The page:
KINGSTON, Jamaica – Opposition spokesperson for Tourism and Cruise Shipping, Shahine Robinson. has expressed deep concern about Jamaica’s “worst ever ranking” in the Global Travel and Tourism Competitiveness Report 2015, published biennially by the internationally respected Swiss-based World Economic Forum.
With growth rates said to already be lagging way behind competing destinations in the region, Robinson noted that the “stubborn, lackluster and visionless approach of Tourism Minister, Dr Wykeham McNeill adds nothing to turning the sector around”.
According to a statement from Robinson Sunday, Jamaica dropped nine places to rank 76 out of 141 countries, leaving it behind regional destinations, including Trinidad and Tobago.
The Opposition spokesperson also pointed out that when the Jamaica Labour Party (JLP) left office in 2011, the country ranked 65 out of 139 countries.
The statement said the report ranked countries based on their score in its travel and competitiveness index. The index is comprised of four sub-indices including: enabling environment; travel and tourism policies and enabling conditions; infrastructure; and natural and cultural resources.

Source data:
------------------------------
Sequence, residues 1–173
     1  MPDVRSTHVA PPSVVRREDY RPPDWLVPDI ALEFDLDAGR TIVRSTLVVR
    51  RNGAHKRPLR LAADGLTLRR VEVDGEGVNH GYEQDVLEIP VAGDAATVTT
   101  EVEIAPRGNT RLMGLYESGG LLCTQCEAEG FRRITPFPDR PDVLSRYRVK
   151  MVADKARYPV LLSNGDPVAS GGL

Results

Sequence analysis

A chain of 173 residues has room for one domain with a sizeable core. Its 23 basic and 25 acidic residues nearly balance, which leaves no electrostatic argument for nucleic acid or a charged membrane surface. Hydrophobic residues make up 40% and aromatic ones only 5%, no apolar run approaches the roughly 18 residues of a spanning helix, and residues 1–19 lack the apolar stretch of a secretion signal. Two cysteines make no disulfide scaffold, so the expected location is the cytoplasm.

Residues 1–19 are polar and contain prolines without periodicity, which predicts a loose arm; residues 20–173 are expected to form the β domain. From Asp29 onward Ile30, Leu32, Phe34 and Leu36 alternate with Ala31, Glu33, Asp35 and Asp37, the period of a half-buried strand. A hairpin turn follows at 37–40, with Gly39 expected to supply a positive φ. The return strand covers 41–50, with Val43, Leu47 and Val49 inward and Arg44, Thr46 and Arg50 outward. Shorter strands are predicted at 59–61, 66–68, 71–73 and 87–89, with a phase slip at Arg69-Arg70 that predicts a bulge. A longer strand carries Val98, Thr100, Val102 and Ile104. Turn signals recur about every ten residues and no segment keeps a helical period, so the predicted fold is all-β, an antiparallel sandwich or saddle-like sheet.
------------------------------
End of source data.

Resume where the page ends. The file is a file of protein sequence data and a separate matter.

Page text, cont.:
Robinson noted that safety and security concerns continue to be a major bugbear to Jamaica’s tourism sector, and again used the opportunity to call on the tourism and national security ministers to more seriously address the problem in the major resort areas.
She argued for an increase in the number of police units, more frequent patrols, speedy investigations, and community policing as some of the ways to better tackle the challenge.
Beyond that Robinson said that Jamaica’s walled in tourism industry will have to, over time, augment itself to better benefit the Jamaican people and allow for more integration with people and their communities.
Robinson reminded Minister McNeill to desist with immediate effect continued gloating at Jamaica’s less than average growth numbers and instead focus on preparing the country for the imminent opening up of Cuba, propelling higher tourist arrival growth rates, significantly improving the nation’s tourism product and tackling crime and violence.